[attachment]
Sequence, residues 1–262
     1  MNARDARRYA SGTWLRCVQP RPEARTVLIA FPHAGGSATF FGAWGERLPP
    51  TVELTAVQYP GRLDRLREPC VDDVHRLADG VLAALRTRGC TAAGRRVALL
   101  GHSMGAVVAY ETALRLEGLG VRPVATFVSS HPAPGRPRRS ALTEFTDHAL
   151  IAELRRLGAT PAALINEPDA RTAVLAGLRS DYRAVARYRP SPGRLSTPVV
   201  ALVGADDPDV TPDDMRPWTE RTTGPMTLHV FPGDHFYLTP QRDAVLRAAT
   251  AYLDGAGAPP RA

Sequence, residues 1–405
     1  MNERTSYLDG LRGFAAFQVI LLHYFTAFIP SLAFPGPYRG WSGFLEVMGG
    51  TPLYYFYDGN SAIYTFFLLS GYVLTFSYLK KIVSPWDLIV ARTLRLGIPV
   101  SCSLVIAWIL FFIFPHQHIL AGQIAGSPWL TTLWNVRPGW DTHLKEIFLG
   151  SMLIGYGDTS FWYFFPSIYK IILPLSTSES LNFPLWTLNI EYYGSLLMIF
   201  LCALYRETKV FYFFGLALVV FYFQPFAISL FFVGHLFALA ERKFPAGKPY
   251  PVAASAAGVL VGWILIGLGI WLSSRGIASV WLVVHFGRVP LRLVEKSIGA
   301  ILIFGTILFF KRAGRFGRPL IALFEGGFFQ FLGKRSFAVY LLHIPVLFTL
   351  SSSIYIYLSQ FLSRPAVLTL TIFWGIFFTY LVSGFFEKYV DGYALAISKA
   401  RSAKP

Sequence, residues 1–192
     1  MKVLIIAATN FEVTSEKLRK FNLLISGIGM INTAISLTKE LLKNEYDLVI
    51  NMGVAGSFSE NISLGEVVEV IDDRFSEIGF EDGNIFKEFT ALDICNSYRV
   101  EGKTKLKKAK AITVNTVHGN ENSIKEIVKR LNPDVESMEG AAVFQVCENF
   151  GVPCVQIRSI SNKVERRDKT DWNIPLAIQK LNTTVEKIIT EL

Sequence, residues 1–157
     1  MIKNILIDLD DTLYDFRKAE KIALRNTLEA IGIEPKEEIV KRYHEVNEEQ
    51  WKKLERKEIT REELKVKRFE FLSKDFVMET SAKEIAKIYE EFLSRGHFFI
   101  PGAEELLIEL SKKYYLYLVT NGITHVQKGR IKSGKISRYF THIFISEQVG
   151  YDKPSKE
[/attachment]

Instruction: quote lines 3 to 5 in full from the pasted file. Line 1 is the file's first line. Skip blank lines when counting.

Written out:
    51  TVELTAVQYP GRLDRLREPC VDDVHRLADG VLAALRTRGC TAAGRRVALL
   101  GHSMGAVVAY ETALRLEGLG VRPVATFVSS HPAPGRPRRS ALTEFTDHAL
   151  IAELRRLGAT PAALINEPDA RTAVLAGLRS DYRAVARYRP SPGRLSTPVV